Aisha Glover of Audible on Leadership: Create a Culture of Consensus, not one of Disruption

Posted on June 21, 2021


Aisha Glover was CEO of Newark Alliance and led the effort that made Newark, N.J., a finalist for Amazon’s HQ2. Newark’s high finish in 2018 at the conclusion of Amazon’s competition helped to introduce Newark’s new reputation as a technology hub.

She was recruited to be vice president of Urban Innovation at Audible, the world’s leader in audiobooks and recorded entertainment. Audible is headquartered in Newark. Audible’s founder and executive chairman, Don Katz, emphasizes community involvement, inventive engagement in urban economic development, and non-traditional philanthropy.

Glover delivered the keynote speech April 29 for the CenterState CEO annual meeting, held virtually because of Covid-19. Her varied experiences have shown her that effective leaders are purpose driven and create a culture that thrives on consensus, not on disruptive personality.

In your CenterState speech, you described Newark’s comeback story and said that folks don’t always think of Newark as a college town. Would you like to elaborate?

Sure – happy to. Newark is the fifth largest college town on the East Coast.

What tends to happen in urban areas is you have a more transient student population and larger percentage of commuters. It isn’t how you think of a traditional college town. But for sure, Newark is a thriving college town and our universities are powerful anchor institutions. We end up collaborating and working closely alongside them to advance some of the broader goals and initiatives in the city.

When you think about economic development, your talent pipeline and your workforce is a critical component. If you’re combining workforce needs and talent needs alongside innovation and thought leadership and research, there is no better partner than a university. I think being intentional about those types of collaborations is key.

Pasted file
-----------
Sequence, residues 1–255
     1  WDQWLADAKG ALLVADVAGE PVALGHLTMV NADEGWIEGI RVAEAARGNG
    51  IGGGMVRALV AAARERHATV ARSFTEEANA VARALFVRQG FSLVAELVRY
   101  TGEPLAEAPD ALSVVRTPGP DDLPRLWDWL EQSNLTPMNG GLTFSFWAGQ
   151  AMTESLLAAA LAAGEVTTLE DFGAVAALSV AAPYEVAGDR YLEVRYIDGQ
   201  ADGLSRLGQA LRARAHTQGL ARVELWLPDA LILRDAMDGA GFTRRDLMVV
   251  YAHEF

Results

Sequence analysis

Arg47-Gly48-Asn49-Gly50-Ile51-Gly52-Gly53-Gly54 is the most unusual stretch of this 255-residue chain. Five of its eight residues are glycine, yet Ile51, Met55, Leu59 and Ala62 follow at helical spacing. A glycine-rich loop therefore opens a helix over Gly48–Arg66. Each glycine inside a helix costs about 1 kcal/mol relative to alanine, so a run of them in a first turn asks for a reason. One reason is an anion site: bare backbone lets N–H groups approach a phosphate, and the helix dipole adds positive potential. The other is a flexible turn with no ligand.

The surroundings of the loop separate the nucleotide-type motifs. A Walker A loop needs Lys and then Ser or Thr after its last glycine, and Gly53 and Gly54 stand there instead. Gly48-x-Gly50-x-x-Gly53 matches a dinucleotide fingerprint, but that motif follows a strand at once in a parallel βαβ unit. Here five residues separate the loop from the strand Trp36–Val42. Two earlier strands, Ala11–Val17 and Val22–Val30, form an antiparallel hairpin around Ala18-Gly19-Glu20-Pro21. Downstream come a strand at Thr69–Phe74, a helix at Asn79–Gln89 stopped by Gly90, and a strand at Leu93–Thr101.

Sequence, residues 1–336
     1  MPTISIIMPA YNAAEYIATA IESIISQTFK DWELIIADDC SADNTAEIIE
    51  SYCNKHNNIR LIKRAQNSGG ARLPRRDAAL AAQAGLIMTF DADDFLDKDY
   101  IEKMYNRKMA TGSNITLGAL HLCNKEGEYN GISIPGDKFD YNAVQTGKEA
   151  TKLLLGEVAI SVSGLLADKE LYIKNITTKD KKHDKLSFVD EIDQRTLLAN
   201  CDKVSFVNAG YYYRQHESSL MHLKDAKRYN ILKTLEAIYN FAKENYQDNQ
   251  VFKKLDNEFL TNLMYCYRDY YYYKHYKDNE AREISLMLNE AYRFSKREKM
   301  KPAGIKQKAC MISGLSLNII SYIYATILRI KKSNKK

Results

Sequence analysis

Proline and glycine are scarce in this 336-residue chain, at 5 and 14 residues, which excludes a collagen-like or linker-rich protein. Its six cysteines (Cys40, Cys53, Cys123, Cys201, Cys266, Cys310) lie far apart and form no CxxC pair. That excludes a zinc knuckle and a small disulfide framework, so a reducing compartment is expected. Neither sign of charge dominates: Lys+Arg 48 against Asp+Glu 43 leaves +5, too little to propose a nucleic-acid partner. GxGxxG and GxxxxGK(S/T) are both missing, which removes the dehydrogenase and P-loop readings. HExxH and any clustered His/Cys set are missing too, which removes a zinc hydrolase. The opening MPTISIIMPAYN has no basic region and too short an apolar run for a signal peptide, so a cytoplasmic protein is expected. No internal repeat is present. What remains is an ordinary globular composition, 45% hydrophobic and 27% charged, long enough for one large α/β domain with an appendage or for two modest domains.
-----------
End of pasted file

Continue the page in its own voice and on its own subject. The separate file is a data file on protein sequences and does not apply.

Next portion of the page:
Let’s pivot to leadership. Were you in leadership roles growing up?

You’ve been doing your column long enough, that you’ve had similar answers – being in clubs at school and the like. I was in organizations, associations, peer mentoring groups, conflict resolution, you name it, and assumed leadership roles. I also like to think of leadership in a little less traditional way.

So I had to flex my leadership muscle in different ways growing up in Brooklyn. We could be kind of knucklehead kids, sometimes getting into trouble a little bit. There were a range of situations whether hanging out with friends or needing to address a teacher in a certain way where I felt empowered to use my voice, take a leadership role, stand up for myself and others, and to make the right decisions, even when people around me weren’t always making the right decisions.

There’s kind of your textbook leadership – what you put on your resume or a college application. Then there are those situations that we’re all confronted with every day where you can be a leader making the right decision or influencing others to do the right thing.

Do you have an example of a time where you stood up for yourself and made the right decision?

Oh, geez. (Laughter) There were like daily decisions where friends would be getting into a bit of trouble or doing things that they weren’t supposed to, and I was not afraid to be a voice, whether that was saying something or just trying to bow out and not go along with the crowd.

I was on peer mediation in high school and really led the conflict resolution there. (Glover graduated from New Utrecht School in Bensonhurst, Brooklyn, in 1994.) There were instances where certain students would come in or be relegated to come in and resolve their issue. And then I’d speak with them again, separately or after: You guys can’t do this. You can’t get mixed up in anything. Next time you’ll get suspended.

It became a muscle and a skillset, and so I felt that obligation and responsibility.

Read the full article on, here.

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